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Jason Silver

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Thoughts and Reflections on Scripture

2017

December

Thursday, December 14th, 2017
Related Song

This is one of those Psalms that varies quite a bit from one translation to the next. For example, it seems to be addressing “you gods” in the first verse, and some translations make it “Lords,” or “Rulers.” I chose the latter, since that seemed to be the general consensus among the translations.

Another phrase, “untimely birth” is perplexing, but I chose to use what I read in one translation: stillborn.

All that to say, this is a rather unusual Psalm. Singing about bathing in the blood of the wicked, and singing about snails and slime, about the pots in the fire of thorns-- well, just a little on the awkward side of things.

Perhaps this is why Psalm 58 seems to be avoided in the lectionary - I did a search through the Revised Common Lectionary and the Lutheran Service Book lectionary, and at least in those, it was nowhere to be found.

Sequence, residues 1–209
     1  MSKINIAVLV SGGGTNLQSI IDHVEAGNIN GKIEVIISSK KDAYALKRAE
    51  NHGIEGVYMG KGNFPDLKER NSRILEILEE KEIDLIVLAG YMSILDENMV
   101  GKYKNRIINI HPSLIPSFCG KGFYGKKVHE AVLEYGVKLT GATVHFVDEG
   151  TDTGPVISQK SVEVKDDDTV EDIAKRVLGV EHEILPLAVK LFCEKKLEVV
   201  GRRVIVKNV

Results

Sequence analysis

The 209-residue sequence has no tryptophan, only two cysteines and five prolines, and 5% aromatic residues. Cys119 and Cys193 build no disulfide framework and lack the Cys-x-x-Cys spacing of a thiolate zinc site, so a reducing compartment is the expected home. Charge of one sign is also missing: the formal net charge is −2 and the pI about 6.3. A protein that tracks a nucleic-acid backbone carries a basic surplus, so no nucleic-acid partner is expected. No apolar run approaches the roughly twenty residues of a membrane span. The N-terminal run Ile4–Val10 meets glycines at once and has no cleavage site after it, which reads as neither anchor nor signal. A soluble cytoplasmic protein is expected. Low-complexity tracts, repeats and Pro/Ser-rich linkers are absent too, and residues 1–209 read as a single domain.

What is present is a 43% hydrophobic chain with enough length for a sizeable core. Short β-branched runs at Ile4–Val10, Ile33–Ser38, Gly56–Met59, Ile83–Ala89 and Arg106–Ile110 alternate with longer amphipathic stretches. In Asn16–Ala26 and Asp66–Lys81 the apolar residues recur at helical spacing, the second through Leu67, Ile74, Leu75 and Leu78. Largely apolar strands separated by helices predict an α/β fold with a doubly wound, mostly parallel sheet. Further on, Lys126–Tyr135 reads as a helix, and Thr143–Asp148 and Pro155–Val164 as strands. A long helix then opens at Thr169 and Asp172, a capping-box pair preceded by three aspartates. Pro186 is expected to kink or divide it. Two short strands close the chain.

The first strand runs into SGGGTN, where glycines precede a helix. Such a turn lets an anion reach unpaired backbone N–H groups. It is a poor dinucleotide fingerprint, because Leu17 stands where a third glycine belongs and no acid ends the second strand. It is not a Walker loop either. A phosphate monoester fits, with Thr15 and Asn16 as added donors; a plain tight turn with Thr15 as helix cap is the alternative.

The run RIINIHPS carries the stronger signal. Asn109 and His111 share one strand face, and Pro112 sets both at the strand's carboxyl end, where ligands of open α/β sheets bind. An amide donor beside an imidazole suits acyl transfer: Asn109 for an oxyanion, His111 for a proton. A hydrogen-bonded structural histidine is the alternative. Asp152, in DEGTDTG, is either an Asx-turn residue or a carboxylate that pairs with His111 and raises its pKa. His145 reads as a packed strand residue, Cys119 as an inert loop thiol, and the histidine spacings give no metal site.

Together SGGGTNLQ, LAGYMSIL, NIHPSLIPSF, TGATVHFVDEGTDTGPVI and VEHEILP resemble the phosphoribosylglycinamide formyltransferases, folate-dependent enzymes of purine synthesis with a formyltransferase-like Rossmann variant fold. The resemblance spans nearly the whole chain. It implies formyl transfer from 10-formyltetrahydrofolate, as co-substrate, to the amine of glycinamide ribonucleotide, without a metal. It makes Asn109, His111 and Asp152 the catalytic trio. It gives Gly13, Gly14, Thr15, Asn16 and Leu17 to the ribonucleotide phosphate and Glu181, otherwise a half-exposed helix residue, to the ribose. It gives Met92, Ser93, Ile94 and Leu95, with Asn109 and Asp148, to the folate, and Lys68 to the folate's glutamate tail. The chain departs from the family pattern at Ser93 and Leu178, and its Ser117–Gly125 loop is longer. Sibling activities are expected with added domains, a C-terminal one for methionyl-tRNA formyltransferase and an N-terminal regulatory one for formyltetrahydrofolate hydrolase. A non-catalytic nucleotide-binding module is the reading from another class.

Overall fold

But what can we take from this scripture? Surely it's been included in the Bible canon and part of Israel's and Christianity's worship for thousands of years for a reason?

The main point of this Psalm, in my opinion, is summarized in the last line: people will say, “Surely there is a reward for the righteous, surely there's a God who judges on earth.”

This is a valid point, because it is difficult to see the merit of living righteously. People who live sinfully often seem to have everything they want. Whether it be power, fame, or wealth, these are the rewards for cut-throat behaviour. But what do those who live a life of gentle love and holiness get?

No “pat answers” allowed here, no trite response; it's a valid question.

It's easy for me, since I'm an idealist: I just believe it's intrinsically better, because I want it to be. I try to live a life of gentle love and righteousness because it's beautiful to do so.